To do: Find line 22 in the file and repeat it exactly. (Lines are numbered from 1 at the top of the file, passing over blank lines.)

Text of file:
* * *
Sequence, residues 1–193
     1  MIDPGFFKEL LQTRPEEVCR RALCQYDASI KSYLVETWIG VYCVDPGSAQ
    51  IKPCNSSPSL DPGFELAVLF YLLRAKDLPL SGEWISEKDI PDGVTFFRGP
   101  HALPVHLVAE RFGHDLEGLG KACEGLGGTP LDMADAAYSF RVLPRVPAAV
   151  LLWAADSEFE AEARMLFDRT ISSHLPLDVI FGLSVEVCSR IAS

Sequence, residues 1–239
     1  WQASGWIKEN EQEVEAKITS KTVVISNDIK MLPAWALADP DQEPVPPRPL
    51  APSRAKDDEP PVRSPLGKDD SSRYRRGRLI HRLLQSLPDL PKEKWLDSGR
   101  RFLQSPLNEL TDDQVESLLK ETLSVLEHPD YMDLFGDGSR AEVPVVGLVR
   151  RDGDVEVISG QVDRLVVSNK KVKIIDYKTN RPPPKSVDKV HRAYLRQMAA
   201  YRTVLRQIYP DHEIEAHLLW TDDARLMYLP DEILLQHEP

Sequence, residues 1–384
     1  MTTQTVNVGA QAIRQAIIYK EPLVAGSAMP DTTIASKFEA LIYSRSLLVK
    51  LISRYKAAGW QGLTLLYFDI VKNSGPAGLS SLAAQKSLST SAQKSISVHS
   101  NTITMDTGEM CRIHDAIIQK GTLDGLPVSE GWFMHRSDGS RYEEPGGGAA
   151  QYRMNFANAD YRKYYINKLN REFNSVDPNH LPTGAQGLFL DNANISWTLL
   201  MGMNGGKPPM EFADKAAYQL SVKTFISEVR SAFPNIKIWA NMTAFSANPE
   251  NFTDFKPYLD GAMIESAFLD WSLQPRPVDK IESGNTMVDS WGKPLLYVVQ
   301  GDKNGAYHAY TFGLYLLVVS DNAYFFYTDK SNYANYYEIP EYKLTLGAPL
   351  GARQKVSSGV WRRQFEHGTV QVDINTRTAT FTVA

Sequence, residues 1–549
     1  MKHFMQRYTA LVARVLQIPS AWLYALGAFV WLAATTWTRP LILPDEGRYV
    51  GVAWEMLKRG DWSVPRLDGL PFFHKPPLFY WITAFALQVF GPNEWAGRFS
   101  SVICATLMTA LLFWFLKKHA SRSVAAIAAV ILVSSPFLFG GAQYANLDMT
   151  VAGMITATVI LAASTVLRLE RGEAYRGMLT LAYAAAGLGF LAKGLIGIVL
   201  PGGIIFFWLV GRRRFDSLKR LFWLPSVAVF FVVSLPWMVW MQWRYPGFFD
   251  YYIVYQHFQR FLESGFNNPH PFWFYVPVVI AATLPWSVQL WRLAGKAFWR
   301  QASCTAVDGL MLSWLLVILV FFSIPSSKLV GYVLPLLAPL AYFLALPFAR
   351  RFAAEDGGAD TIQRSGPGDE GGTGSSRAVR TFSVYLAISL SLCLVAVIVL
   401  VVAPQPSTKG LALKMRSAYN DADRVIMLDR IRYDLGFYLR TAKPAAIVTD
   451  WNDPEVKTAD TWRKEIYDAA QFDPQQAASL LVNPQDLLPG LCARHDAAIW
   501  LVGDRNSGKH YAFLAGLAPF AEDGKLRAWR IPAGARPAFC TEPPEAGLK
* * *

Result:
     1  MKHFMQRYTA LVARVLQIPS AWLYALGAFV WLAATTWTRP LILPDEGRYV